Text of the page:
From the facts you have given, it is possible but doubtful that the insurance company of the van would afford coverage to you. Generally, insurance covers either the fault of its own insured (the driver who initially causes an accident), or it may also afford no-fault coverage to its own insured for things like property damage caused to the insured vehicle in a hit-and-run accident. That second kind of coverage may help the van owner to the extent the owner carries that kind of coverage. But it probably won't help you as a separate vehicle, owner unless you can show that the van owner was at fault in some way for where he/she parked such that it put your car at risk. If you believe that the van owner did something to contribute to the damage to your car, you may have a valid claim. Otherwise, I doubt the van's insurer will agree to cover your loss. Of course it can't hurt to ask, and you can request a copy of the policy to see if some provision may cover you.
    Answer Applies to: Florida
    Replied: 2/21/2012
    Cody and Gonillo, LLP
    Cody and Gonillo, LLP | Christine Gonilla
    You can try. If they do not accept the claim they would probably tell you to find the car that caused the van to hit your car. That person can be arrested for leaving the scene and can be made to pay for restitution
    Answer Applies to: Connecticut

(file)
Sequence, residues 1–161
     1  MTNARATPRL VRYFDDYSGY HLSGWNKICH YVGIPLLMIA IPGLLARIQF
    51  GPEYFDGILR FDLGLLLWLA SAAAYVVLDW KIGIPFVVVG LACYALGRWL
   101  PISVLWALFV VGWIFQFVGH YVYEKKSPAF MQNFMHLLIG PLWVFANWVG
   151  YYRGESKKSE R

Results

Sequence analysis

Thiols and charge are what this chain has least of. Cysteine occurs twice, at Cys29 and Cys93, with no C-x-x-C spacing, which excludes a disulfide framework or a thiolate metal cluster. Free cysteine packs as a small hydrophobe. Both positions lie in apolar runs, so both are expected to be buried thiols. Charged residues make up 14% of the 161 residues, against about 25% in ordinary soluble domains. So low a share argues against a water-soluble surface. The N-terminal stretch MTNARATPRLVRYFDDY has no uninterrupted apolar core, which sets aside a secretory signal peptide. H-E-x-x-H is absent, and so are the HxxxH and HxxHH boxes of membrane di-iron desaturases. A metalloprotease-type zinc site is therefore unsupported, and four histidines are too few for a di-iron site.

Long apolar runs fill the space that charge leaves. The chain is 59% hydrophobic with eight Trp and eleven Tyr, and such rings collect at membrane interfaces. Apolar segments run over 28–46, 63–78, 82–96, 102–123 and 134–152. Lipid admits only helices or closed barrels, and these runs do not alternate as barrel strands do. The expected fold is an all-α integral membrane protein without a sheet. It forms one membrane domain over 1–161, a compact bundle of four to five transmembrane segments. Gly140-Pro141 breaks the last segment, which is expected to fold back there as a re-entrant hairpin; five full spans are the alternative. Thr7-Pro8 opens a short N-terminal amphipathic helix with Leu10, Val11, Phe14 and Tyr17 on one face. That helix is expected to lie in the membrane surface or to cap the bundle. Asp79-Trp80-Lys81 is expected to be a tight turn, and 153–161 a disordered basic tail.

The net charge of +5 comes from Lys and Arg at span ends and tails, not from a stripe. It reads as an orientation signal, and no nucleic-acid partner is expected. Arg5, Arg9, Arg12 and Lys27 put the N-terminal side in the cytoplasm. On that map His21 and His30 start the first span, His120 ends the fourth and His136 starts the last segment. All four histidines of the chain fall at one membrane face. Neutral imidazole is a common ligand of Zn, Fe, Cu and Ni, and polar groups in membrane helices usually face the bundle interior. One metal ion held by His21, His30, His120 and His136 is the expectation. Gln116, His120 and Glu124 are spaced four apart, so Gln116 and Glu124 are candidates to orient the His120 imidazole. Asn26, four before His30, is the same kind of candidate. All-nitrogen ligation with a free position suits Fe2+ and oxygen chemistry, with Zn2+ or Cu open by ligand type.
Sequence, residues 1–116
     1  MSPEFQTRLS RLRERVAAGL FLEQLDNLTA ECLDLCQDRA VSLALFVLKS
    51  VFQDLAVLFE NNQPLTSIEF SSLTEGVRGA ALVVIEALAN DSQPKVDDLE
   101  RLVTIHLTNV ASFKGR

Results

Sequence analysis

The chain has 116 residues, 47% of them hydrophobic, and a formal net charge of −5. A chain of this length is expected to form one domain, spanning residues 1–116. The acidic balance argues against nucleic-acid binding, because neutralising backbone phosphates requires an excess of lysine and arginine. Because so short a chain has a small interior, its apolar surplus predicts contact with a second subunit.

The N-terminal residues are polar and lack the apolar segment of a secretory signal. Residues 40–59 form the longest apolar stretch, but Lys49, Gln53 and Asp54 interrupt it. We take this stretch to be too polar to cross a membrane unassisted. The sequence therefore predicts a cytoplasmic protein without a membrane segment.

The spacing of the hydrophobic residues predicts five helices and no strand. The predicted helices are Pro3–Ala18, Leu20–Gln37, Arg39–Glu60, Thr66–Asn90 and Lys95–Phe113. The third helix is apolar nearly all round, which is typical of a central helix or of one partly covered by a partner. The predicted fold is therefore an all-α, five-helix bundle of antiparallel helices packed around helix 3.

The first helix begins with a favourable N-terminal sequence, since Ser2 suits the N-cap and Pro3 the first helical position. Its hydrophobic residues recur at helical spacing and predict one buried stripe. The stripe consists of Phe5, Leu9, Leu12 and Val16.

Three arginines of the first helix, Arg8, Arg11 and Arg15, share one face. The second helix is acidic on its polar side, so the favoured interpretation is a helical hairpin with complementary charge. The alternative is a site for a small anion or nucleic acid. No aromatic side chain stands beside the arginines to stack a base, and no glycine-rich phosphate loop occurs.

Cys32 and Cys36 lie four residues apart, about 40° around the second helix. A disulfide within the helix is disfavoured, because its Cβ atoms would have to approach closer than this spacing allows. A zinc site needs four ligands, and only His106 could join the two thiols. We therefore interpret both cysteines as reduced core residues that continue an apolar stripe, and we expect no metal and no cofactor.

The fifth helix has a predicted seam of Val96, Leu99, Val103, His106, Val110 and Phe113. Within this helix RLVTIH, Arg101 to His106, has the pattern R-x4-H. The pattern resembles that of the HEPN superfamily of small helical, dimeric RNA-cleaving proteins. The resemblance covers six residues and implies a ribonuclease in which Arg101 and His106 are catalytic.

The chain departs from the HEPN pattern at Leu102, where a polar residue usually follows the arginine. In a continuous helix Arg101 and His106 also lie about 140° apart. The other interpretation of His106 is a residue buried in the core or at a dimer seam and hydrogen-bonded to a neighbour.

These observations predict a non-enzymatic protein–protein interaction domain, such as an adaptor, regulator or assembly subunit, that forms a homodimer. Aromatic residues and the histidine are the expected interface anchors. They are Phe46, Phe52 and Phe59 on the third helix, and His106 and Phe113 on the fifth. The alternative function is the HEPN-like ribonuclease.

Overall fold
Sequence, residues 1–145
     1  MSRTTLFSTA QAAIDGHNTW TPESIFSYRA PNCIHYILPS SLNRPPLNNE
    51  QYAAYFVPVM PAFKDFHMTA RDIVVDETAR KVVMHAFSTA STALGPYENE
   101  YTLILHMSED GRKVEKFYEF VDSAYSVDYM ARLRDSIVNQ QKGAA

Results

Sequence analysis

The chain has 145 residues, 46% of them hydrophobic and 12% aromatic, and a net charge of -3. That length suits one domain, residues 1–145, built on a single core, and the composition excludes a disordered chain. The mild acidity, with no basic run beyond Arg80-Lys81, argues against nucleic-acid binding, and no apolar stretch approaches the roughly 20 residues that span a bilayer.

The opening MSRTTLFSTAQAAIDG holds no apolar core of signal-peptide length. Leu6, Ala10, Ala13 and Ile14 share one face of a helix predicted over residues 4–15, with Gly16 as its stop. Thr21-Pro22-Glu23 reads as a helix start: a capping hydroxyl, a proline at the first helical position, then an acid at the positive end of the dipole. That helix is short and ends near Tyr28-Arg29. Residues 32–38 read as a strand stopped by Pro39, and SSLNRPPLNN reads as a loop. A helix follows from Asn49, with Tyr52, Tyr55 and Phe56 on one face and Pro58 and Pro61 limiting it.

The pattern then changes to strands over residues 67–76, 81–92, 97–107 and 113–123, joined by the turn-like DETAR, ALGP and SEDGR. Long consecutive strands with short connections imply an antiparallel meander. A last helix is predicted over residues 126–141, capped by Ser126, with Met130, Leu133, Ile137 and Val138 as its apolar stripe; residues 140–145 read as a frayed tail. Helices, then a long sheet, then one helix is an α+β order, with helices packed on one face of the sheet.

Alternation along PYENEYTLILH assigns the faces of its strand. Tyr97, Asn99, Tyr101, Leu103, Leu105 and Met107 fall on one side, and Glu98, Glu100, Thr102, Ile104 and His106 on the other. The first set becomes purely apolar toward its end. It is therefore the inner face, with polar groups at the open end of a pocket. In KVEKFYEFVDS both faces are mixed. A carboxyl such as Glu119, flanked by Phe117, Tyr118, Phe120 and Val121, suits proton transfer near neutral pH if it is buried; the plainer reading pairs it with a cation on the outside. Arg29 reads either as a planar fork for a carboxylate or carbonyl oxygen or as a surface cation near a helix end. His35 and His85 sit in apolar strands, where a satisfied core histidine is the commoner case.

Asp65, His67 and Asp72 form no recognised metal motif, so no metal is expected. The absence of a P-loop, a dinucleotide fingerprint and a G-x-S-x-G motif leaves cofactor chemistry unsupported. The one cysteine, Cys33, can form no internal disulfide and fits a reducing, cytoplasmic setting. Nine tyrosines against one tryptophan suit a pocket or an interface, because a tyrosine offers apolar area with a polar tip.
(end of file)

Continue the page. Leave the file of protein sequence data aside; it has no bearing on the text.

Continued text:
Replied: 6/3/2011
    Law Office of William R. Falcone, Esq.
    Law Office of William R. Falcone, Esq. | William R. Falcone
    You would have to prove the van owner was negligent to establish liability and recover from them or their insurance. It sounds like they were as innocent as you. The responsible party is the unknown party. So the likely answer to your question is: no you can not expect to recover from the van owner.
    Answer Applies to: Colorado
    Replied: 6/2/2011
    Rose, Senders & Bovarnick, LLC
    Rose, Senders & Bovarnick, LLC | Paul S. Bovarnick
    Your claim is probably against the owner of the car that hit the van in the first place. It sounds like the only wrongdoer is the first drover, not the owner of the van.
    Answer Applies to: Oregon
    Replied: 6/2/2011
    Michael Anthony Wing, P.C.
    Michael Anthony Wing, P.C. | Michael Anthony Wing
    You could ask, but I doubt the insurer will consent. I just don't see how they could be legally compelled to pay, and therefore, I think it is doubtful that you will be successful. Stay well.
    Answer Applies to: Alabama
    Replied: 6/2/2011
    Klisz Law Office, PLLC
    Klisz Law Office, PLLC | Timothy J. Klisz